Don't Read Just Any Book this Week - a Perspective on Children's Book Week
Posted Aug 26 2008 11:36pm
ANot Quite Crunchy view onChildren’s Book's
Since I’m a bit late writing my post for children’s book week, I spent some time reading what other bloggers had written (see links below.) Since many have covered the history and made some book recommendations I thought I’d take a different tack and discuss my personal philosophy of book buying…interesting, no? …click…no wait, come back!
Though I am a dedicated bibliophile, a teacher and actually took a class in children’s literature in college, when I started buying books for my DS, I’m embarrassed to admit, I fell for the Dumbo, Disney, Sesame Street type. Well, that’s not all I bought but, well, that’s what was in the bookstores, prominently displayed, advertised and recommended in libraries. (Incidentally, what’s with the “ Kid’s Top Recommended ” book lists - Do we promote “Kid’s Top Food Choice’s” lists…which would undoubtedly include 85 spots for candy)?
It took me awhile and a lot of conversations with crunchy and academically minded friends to wonder….what exactly am I doing buying books featuring popular TV characters, grammatically incorrect sentences and mindless plots? It was, of course quite nice of me to support those large entertainment and toy companies that receive 10-15% of the wholesale price of each book. But, what specific benefit did my DS receive from these books besides indoctrination into the popular culture?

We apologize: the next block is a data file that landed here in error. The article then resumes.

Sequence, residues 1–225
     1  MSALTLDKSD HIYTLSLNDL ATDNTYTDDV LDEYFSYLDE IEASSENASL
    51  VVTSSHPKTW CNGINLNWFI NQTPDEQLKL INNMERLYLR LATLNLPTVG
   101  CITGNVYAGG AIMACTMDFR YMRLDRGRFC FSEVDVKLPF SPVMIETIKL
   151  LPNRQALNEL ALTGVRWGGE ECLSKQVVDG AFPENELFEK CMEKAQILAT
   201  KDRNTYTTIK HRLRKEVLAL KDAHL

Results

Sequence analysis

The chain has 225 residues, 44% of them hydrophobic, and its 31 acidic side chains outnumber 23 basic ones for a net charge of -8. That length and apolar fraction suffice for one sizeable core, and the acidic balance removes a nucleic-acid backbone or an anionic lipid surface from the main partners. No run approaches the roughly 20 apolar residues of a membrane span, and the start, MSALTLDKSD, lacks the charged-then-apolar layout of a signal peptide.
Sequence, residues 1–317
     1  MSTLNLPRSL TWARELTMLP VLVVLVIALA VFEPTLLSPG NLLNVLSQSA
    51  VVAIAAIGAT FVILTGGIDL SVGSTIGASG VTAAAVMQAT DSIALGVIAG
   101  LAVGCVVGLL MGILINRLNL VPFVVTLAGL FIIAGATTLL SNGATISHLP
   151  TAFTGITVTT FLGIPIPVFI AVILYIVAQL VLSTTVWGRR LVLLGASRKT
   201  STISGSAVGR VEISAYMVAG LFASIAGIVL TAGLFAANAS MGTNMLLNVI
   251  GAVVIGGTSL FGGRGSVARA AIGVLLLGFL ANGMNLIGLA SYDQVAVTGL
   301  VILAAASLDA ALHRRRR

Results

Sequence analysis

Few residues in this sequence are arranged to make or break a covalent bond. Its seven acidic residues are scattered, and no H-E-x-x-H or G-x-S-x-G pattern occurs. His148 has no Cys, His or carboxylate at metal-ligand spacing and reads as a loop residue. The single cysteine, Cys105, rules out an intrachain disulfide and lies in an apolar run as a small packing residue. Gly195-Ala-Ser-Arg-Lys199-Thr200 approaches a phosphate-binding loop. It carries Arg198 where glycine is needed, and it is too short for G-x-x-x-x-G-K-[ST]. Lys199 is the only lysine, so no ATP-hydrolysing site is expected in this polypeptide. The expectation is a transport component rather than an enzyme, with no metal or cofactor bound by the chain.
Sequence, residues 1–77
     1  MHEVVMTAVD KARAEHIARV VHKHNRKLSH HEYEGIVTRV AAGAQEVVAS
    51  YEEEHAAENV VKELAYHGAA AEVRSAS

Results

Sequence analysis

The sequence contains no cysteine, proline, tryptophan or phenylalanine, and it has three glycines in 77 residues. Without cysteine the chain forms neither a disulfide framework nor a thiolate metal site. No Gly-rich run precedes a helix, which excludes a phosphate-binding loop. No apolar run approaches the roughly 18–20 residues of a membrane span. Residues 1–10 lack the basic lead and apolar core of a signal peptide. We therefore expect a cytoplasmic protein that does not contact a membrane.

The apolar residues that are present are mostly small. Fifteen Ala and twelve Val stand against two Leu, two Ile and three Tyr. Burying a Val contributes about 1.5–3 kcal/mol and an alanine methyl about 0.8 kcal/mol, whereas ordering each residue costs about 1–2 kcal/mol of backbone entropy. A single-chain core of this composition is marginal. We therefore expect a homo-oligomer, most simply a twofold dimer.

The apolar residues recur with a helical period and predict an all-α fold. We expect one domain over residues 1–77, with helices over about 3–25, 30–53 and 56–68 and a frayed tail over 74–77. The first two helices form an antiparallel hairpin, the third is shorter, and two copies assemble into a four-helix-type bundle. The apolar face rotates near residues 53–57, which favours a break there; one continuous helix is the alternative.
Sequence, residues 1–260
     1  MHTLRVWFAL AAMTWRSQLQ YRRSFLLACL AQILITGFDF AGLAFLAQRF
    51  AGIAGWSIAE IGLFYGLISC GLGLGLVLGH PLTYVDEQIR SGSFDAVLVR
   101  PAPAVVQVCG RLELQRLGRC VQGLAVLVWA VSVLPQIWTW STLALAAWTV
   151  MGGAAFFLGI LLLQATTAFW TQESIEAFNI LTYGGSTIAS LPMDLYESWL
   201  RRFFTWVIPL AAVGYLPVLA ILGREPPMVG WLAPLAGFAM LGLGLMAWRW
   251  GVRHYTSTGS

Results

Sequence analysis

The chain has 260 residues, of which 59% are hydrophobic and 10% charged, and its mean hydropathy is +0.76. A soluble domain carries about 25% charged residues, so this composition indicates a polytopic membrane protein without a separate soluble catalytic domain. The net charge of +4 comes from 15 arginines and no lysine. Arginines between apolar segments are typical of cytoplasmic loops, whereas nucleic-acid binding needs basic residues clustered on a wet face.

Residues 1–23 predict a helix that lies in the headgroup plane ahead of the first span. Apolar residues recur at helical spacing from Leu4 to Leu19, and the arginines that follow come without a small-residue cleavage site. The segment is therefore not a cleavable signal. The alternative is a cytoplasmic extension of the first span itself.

I, an educated and experienced marketer fell into the advertising and availability trap when it came to book buying. Yes, major bookstores do carry some great books but, a scarily 60% of children’s books sold are entertainment tie-ins or based on licensed characters.
Like the toy industry, the book publishing industry is a well, business and so, has turned to licensing to sell books. Think about it, no need to advertise a book to make a sale...just piggyback on the millions spent by the license holder!
And so, I changed my philosophy from buy what’s available and my DS seems to like…which would be anything at grabbing level to researching good books. Fortunately that wasn’t hard. There are a tremendous number of good books available….just maybe not at your favorite big box retailer or through scholastic.com. Don’t get me wrong, you can buy good books in those places but maybe not GREAT Books. Great books are on great book lists and in books including, one of my favorites, Jim Trelease’s Read Aloud Handbook.
I’ll be writing more about this later this week and provide a list of great books to buy and places to buy them on Thursday…just thought I’d give you something to think about…
And here is what some of my blogger friends have to say: